‘Formidable’ Royal Navy Wildcat helicopters carry up to 20 missiles

Royal Navy Wildcat seen testing the Martlet missile in the sky

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Royal Navy Wildcat helicopters are able to carry up to 20 missiles at once, a new trial has shown. Month-long trials of Martlet and Sea Venom, the Navy’s two new air-to-surface anti-ship missiles, found that the devices “exceeded expectations”. The Wildcat helicopter was able to operate with the weapons loads in seven different configurations, with the helicopter on some occasions being loaded up to more than six tonnes.

This is the first time the helicopter has been able to carry this much, with a navy source saying the trials highlighted the Navy’s “contribution to allied forces and Nato.”

A Navy source told the Telegraph: “It’s pushing the capability.

“Before, Wildcat was great for anti-sub warfare, landing Special Forces, the delivering of troops.

“Now it has this amazing ability to take missiles over the horizon to engage with the king’s enemy at range.”

The Martlet weapon is intended to take out smaller threats to the Fleet.

It has a 3kg explosive charge and can destroy a target at twice the speed of sound.

Sea Venom is twice the size of the smaller weapon, with more than double the range and is fitted with a 30kg charge.

Speaking about the weapons, the Navy source added: “It’s a formidable amount of missiles.

“It is the first time the Wildcat has been proved in this role to carry this amount of ordnance in support of future tasking and is highlighting the Navy’s contribution to allied forces and Nato.”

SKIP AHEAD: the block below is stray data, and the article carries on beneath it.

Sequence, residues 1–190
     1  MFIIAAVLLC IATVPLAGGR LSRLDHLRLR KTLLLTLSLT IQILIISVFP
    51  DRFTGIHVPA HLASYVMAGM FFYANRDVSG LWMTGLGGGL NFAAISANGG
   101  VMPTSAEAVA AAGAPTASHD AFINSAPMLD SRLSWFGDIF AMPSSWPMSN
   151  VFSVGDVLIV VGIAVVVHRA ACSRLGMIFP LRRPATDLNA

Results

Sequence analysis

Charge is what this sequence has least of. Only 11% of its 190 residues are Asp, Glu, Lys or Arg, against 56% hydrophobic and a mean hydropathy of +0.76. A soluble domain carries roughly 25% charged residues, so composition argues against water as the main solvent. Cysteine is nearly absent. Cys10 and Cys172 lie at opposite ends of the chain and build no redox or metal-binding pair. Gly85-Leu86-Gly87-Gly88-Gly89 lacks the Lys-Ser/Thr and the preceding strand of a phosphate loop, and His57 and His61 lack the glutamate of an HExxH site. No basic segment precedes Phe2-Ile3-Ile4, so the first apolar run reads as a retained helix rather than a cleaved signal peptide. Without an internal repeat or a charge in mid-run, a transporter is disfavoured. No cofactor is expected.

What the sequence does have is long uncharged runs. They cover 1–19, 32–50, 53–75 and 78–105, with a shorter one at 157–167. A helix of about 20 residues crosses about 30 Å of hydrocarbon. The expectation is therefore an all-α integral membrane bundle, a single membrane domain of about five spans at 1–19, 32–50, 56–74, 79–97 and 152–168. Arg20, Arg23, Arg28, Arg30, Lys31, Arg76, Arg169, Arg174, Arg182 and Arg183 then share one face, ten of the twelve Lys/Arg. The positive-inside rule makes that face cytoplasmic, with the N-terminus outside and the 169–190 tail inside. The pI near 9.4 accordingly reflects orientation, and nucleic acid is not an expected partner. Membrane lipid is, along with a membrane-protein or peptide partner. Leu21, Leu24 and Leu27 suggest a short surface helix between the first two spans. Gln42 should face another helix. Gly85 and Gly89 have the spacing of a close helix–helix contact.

A Wildcat helicopter joined aviation training ship RFA Argus for a month in the Atlantic.

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It practised take-off and landing more than 900 times with different conditions and payloads.

Once the data from the trials has been analysed, Wildcats armed with Martlet and Sea Venom will be operated on frigates, destroyers, auxiliaries and Queen Elizabeth-class carriers.

In September, Royal Navy helicopters fired new missiles for the first time in an exercise that saw UK and US forces target a warship.

The exercise, named Atlantic Thunder, was the first of its type for the Royal Navy in 18 years.

A decommissioned frigate, USS Boone, was struck by an array of high-powered weaponry, including the Martlet missile.

Commander Ed Moss-Ward, commanding officer of HMS Westminster, said the exercise showed that UK and US naval and air forces can work together to deliver “an end-to-end kill chain” against a ship at long range.

He said: “The integration of high-end weapons, sensors and communications with our Nato allies is key to the collective warfighting capability of the alliance demonstrated by the sinking exercise.

“The firings have supported the development of the Royal Navy’s targeting and weapon capabilities, and afforded the opportunity to conduct realistic training to validate tactics and operating procedures.”

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